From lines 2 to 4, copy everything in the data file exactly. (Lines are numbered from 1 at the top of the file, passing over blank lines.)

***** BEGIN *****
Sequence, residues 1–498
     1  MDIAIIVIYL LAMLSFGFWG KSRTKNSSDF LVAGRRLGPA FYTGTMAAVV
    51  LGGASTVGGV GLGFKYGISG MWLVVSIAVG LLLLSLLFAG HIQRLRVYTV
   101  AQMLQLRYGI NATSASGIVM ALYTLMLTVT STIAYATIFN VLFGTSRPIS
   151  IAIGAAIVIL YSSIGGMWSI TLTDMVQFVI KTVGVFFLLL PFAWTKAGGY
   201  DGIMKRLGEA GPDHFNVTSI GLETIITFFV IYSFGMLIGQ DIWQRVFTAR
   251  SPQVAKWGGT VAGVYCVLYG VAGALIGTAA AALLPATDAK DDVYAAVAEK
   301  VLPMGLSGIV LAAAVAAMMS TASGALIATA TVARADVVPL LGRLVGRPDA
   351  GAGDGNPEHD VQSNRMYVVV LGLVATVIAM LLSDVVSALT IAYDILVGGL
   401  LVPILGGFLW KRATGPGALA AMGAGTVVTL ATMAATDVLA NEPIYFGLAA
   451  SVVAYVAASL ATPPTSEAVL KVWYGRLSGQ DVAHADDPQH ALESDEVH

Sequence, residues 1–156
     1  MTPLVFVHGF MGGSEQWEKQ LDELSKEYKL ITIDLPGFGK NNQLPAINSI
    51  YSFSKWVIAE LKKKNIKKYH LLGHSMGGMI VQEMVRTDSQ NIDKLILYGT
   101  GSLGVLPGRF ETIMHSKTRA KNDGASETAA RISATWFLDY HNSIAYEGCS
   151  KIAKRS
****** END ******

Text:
     1  MDIAIIVIYL LAMLSFGFWG KSRTKNSSDF LVAGRRLGPA FYTGTMAAVV
    51  LGGASTVGGV GLGFKYGISG MWLVVSIAVG LLLLSLLFAG HIQRLRVYTV
   101  AQMLQLRYGI NATSASGIVM ALYTLMLTVT STIAYATIFN VLFGTSRPIS